Greg N | 2 Nov 07:33 2006

mDns, Bonjour, Zeroconf, Avahi, Rendevous

Hi

I managed to get Bonjour working by creating a new zone for multicast and adding an entry to the  networkprotocoldb.xml file.
The multicast zone is called "multicast" and has Zone Addresses of 224.0.0.0/255.0.0.0
I added the XML below into /usr/share/apps/guarddog/networkprotocoldb.xml just above where it says "<protocol name="domain">". Restart Guarddog & then check the boxes to allow mDns traffic.

<protocol name="mDns">
  <!-- Protocol information guessed by Greg N <emailgregn <at> googlemail.com> -->
  <longname>mDns,Bonjour,Avahi,ZeroConf</longname>
  <longname lang="nl">mDns</longname>
  <longname lang="fr">mDns</longname>
  <longname lang="it">mDns</longname>
  <longname lang="es">mDns</longname>
  <description>Protocols to allow networks to configure themselves. It is called Bonjour (formerly Rendezvous) by Apple, and used extensively on Mac OS X. </description>
 
  <classification class="net"/>
  <network>
    <udp source="server" dest="client">
      <source><port portnum="nonprivileged"/></source>
      <dest><port portnum="5353"/></dest>
    </udp>
    <udp source="client" dest="server">
      <source><port portnum="5353"/></source>
      <dest><port portnum="nonprivileged"/></dest>
    </udp>
  </network>
  <security threat="medium" falsepos="low"/>
</protocol>


Regards,
Greg

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Vassilis Virvilis | 2 Nov 08:20 2006
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Re: mDns, Bonjour, Zeroconf, Avahi, Rendevous

Greg N wrote:
> Hi
> 
> I managed to get Bonjour working by creating a new zone for multicast and
> adding an entry to the  networkprotocoldb.xml file.
> The multicast zone is called "multicast" and has Zone Addresses of
> 224.0.0.0/255.0.0.0
> I added the XML below into /usr/share/apps/guarddog/networkprotocoldb.xml
> just above where it says "<protocol name="domain">". Restart Guarddog & 
> then
> check the boxes to allow mDns traffic.
> 
> <protocol name="mDns">
>  <!-- Protocol information guessed by Greg N <emailgregn <at> googlemail.com>
> -->
>  <longname>mDns,Bonjour,Avahi,ZeroConf</longname>
>  <longname lang="nl">mDns</longname>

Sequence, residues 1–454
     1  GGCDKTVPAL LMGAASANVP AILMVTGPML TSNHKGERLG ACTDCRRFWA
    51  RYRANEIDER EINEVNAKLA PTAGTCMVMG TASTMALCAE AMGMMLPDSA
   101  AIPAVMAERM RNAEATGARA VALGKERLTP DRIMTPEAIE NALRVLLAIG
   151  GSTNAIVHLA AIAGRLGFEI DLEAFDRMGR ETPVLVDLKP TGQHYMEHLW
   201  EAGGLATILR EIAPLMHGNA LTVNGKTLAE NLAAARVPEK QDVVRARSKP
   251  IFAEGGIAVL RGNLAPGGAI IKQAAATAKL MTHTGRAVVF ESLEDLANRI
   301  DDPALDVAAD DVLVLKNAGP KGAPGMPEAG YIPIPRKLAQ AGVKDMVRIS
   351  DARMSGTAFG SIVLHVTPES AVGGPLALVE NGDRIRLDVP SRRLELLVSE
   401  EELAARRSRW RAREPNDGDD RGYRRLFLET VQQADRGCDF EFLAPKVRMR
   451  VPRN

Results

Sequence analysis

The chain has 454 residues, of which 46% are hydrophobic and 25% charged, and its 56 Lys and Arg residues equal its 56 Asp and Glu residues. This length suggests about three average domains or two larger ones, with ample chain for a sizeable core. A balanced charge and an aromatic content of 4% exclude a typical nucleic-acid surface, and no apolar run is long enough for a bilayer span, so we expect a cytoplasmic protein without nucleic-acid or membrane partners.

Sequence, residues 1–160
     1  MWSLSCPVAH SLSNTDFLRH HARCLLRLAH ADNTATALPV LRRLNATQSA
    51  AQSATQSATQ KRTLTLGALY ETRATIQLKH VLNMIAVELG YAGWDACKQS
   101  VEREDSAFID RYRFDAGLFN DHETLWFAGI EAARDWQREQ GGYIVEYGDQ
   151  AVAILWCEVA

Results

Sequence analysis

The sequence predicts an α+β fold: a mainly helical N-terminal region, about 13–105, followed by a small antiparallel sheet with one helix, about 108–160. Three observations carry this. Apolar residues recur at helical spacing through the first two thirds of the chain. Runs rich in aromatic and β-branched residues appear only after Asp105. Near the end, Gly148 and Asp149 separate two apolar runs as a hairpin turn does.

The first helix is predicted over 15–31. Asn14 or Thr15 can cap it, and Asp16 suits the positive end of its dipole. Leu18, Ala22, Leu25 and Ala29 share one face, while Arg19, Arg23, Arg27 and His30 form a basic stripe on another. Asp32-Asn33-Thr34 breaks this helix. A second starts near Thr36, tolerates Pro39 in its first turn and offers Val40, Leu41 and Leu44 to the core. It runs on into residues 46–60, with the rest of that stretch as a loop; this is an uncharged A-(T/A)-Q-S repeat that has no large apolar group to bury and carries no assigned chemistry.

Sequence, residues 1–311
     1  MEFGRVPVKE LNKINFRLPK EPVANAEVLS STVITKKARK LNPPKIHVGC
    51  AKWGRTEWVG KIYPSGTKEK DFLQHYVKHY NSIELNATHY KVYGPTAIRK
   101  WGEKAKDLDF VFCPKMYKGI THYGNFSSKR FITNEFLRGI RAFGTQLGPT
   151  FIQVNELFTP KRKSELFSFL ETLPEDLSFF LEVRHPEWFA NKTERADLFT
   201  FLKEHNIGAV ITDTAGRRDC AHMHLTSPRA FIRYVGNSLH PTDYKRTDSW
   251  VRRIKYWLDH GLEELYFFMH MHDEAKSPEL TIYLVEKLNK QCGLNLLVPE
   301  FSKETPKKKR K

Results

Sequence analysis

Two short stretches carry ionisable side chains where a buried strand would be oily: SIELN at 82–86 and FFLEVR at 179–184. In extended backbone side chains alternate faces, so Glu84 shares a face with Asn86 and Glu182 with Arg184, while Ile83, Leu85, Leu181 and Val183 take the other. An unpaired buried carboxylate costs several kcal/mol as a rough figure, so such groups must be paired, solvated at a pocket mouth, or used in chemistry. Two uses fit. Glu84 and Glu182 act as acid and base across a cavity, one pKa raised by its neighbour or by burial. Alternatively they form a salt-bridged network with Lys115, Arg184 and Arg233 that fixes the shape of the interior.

>  <longname lang="fr">mDns</longname>
>  <longname lang="it">mDns</longname>
>  <longname lang="es">mDns</longname>
>  <description>Protocols to allow networks to configure themselves. It is
> called Bonjour (formerly Rendezvous) by Apple, and used extensively on Mac
> OS X. </description>
> 
>  <classification class="net"/>
>  <network>
>    <udp source="server" dest="client">
>      <source><port portnum="nonprivileged"/></source>
>      <dest><port portnum="5353"/></dest>
>    </udp>
>    <udp source="client" dest="server">
>      <source><port portnum="5353"/></source>
>      <dest><port portnum="nonprivileged"/></dest>
>    </udp>
>  </network>
>  <security threat="medium" falsepos="low"/>
> </protocol>
> 
> 
> Regards,
> Greg
> 

I did that. I then allowed
protocols served from zone 'multicast' to clients in Local (OK)
buth then the firewall it drops mypackets when I try with avahi-discover
like this
DROPPED IN=eth0 OUT= MAC= SRC=192.168.15.1 DST=224.0.0.251 LEN=82 TOS=0x00 PREC=0x00 TTL=255 ID=0 DF
PROTO=UDP SPT=5353 DPT=5353 LEN=62

Any ideas?

       .bill

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Vassilis Virvilis | 2 Nov 08:31 2006
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Some protocols (again)

Protocols guarddog has not support yet but are useful to have
	TFTP: (for network booting)
	netconsole: (for kernel debugging)
	rdesktop: (for remote windows view)
	svnserve: (for non ssh suvbersion users)
	smtp over SSL: (It is deprecated but maybe useful for some)

Others not listed here:
	apt-proxy: (port = 9999, Debian apt proxy daemon)
	SANE: (cannot be firewalled properly. Seriously compromises sustem security)

<protocol name="tftp">
   <longname>TFTP - Trivial File Transfer Protocol</longname>
   <description>A Very simple protocol used to transfer files during the boot time of
   diskless clients.</description>
   <classification class="net"/>
   <pragma name="guarddog">ip_conntrack_tftp</pragma>
   <network>
     <udp source="client" dest="server" direction="both">
       <dest><port portnum="69"/></dest>
     </udp>
   </network>
   <security threat="high" falsepos="low"/>
   <reference href="http://www.robertgraham.com/pubs/firewall-seen.html">
   FAQ: Firewall Forensics (What am I seeing?)</reference>
</protocol>

<protocol name="netconsole">
   <longname>netconsole</longname>
   <description>A protocol used for kernel debugging.</description>
   <network>
     <udp source="client" dest="server" direction="both">
       <source><port portnum="6665"/></source>
       <dest><port portnum="6666"/></dest>
     </udp>
   </network>
   <security threat="high" falsepos="low"/>
   <reference href="http://www.robertgraham.com/pubs/firewall-seen.html">
   FAQ: Firewall Forensics (What am I seeing?)</reference>
</protocol>

<protocol name="rdesktop">
   <longname>rdesktop - Windows Terminal Service</longname>
   <description>A protocol used to enable remote access of your Windows
machine</description>
   <classification class="session"/>
   <network>
     <tcp source="client" dest="server">
       <description>Request connection.</description>
       <source><port portnum="dynamic"/></source>
       <dest><port portnum="3389"/></dest>
     </tcp>
   </network>
   <security threat="high" falsepos="low"/>
   <reference href="http://www.robertgraham.com/pubs/firewall-seen.html">
   FAQ: Firewall Forensics (What am I seeing?)</reference>
</protocol>

<protocol name="svnserve">